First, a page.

Moreover, as we depend upon God for all knowledge and truth, we can only know what God has chosen to reveal to us. And even what we do know is clouded by sin and self-justification. And should we reject revealed truths because we do not understand them or cannot reconcile them with our finite understanding of logic, we make our own understanding the ultimate standard of truth and of what can and cannot be true or possible. In this we assume the place and prerogative of God and imitate the sin of Adam and Eve. If we assume that created, finite, and dependent people possess the authority to reject one doctrine revealed by God because we do not like it or understand it, why not others? And while those who reject the doctrine of eternal hell may not reject every aspect of the Gospel, they have affirmed the principle by which others will do so.
Additionally, God is infinite, incomprehensible, omniscient, holy, good and righteous. He knows all things perfectly and all that He does is perfect, good, and right. He knows the deepest thoughts and motives of the hearts of all people intimately while we judge by superficial appearances. He sees the whole picture clearly while we see a small part dimly. How, then, from our limited and fallen perspective, can we possibly question a truth revealed to us by such a God? We simply cannot.
As with the mysteries of God and the universe, we must admit our human limitations and trust the perfect character of our infinite God. Whatever we may think about eternal hell, we can rest assured that no one will suffer unjustly and that the punishment will justly fit the crimes. “Shall not the judge of the earth deal justly?” We can take comfort that Christ endured infinite suffering that people might not go there, and rejoice that we have been delivered from its punishment. Our hearts should be moved by love and compassion for those who reject Christ as the remedy for their sin. But we dare not sin in assuming the place of God as the ultimate standard of truth.
The principles applied in approaching the difficult doctrine of hell apply to every difficult question of Scripture, though the nature of the difficulty may differ. With respect to hell, our struggle basically stems from the horror of the doctrine and not a lack of biblical support. Other difficulties stem from a lack of specific Bible texts on a topic, or a lack of understanding of how clearly revealed theological principles apply to a topic. And while a list and treatment of difficult theological questions is beyond the scope of this work, the principles presented here can be applied to any theological difficulty. Whatever the difficulty that confronts our limited understanding, God’s righteousness assures us that no one will be condemned who does not deserve it, and no one will be in heaven without the perfection of the imputed righteousness of Christ. The believer need not have answers to every difficult question, but can rest in the perfect righteousness of God. Indeed, when God’s justice is questioned, we need only look to Christ’s work on the cross. And as we have seen, faith ultimately rests in the character of God in the face of our limited understanding and His infinity. We must content ourselves in our status as created, limited in our understanding, and dependent upon God for all truth. In any event, we clearly know God’s justice by the infinite extent He went to uphold it in the saving work of Christ. In Him we can rest.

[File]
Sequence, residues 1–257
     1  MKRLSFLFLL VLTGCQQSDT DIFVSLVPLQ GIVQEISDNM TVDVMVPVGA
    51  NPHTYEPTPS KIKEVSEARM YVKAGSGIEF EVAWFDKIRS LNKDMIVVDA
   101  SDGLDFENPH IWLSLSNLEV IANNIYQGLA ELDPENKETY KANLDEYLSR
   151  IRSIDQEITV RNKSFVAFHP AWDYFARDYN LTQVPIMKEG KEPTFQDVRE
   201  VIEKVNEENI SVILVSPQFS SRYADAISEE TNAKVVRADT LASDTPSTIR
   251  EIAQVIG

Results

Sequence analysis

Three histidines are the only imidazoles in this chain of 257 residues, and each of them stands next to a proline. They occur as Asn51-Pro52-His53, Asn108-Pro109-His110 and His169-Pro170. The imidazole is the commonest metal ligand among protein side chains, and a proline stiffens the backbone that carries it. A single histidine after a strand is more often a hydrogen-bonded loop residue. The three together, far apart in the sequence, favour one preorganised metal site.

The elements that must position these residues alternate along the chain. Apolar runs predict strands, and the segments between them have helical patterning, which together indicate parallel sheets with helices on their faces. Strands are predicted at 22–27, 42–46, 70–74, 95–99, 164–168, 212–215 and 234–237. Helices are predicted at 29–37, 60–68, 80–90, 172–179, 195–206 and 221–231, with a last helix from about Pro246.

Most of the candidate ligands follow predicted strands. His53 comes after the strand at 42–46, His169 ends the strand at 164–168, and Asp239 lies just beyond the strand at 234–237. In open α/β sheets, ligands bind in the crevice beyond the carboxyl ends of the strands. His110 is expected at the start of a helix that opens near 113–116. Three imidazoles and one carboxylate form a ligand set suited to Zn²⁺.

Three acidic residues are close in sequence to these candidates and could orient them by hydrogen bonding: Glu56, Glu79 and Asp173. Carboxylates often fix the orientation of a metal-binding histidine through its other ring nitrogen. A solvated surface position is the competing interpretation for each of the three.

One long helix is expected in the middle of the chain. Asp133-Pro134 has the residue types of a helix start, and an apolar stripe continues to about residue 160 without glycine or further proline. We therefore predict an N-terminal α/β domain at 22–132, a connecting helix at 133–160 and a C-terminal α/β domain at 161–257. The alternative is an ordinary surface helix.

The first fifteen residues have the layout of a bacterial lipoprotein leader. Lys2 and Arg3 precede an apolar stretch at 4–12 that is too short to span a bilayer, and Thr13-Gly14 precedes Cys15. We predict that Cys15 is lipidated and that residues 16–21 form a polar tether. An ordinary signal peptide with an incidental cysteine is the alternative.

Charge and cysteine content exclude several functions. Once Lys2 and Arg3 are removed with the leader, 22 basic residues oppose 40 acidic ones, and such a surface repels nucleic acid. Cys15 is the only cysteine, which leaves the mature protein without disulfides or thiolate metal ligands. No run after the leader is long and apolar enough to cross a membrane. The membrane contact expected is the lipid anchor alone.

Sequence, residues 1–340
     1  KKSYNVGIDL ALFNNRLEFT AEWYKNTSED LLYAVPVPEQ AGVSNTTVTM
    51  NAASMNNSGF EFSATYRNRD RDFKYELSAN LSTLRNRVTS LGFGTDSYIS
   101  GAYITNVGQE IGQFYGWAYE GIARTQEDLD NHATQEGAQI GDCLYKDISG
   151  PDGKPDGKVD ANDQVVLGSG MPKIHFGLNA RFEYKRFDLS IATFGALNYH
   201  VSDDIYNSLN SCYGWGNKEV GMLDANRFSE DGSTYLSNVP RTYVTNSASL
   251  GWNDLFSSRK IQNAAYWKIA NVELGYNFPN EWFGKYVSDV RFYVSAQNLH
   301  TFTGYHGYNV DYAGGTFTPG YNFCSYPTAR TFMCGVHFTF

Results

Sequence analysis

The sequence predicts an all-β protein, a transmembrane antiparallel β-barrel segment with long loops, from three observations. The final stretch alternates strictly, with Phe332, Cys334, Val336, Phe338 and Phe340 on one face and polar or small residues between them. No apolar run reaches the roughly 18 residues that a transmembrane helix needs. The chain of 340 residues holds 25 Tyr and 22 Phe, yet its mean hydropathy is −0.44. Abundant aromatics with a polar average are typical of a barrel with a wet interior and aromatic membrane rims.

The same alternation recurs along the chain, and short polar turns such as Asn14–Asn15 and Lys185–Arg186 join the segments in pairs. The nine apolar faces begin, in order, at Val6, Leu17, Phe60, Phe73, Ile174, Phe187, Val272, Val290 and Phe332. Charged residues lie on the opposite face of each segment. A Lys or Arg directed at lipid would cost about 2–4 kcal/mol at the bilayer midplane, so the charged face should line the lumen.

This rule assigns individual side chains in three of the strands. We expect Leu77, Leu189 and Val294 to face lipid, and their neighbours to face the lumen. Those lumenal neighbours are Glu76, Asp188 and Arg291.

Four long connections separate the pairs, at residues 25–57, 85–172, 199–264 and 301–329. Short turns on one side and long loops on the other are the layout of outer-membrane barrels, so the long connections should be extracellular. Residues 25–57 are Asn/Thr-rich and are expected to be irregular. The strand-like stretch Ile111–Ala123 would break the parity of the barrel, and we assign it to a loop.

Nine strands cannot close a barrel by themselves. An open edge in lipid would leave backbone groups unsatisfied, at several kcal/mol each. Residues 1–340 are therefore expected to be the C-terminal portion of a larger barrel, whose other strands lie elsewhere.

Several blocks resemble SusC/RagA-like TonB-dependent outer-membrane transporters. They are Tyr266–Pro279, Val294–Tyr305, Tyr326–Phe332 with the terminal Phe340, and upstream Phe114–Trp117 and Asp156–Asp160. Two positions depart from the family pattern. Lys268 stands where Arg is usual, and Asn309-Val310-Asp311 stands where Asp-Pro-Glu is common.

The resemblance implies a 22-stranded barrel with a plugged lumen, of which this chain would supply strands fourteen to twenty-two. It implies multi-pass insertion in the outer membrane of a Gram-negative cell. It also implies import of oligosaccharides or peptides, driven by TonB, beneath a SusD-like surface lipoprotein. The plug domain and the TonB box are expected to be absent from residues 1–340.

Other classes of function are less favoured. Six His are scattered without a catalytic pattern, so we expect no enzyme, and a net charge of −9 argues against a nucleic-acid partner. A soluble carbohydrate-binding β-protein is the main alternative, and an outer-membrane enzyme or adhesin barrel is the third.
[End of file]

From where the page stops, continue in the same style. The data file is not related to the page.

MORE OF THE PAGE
Whatever the theological difficulty, the foundation for a proper approach to it begins with the perfections of God and their implications for apologetics. God is the proper starting point for all knowledge.
Created, finite, and dependent sinners are in no place to sit in judgment of God. As noted with respect to God’s holiness, we have no claims upon a holy God. Moreover, God is the ultimate judge of the universe, as He is the ultimate source and standard of all righteousness. He alone is qualified to judge His creation, and He cannot be judged by it. Such would be an irreverent role reversal. Nonetheless, in our sinfulness we often judge God. As Adam and Eve compared God’s will to the will of the serpent, they sat in judgment of God’s command and subordinated God’s revealed will and authority to their own. They assumed the place of ultimate authority and treated God’s will as below that of the lying serpent. And we do the same when we sit in judgment of God’s revealed will and providence. And while we may question God from a position of humble reverence in seeking greater understanding and clarity regarding His revealed will, we are never justified to sit in judgment over God. In the same way, anger against God is never justified. What right do we have to be angry with our Creator and Redeemer, whose will is perfect?